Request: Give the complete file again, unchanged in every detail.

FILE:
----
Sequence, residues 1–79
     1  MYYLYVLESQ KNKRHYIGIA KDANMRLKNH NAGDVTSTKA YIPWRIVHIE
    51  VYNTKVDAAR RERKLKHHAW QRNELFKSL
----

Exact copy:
Sequence, residues 1–79
     1  MYYLYVLESQ KNKRHYIGIA KDANMRLKNH NAGDVTSTKA YIPWRIVHIE
    51  VYNTKVDAAR RERKLKHHAW QRNELFKSL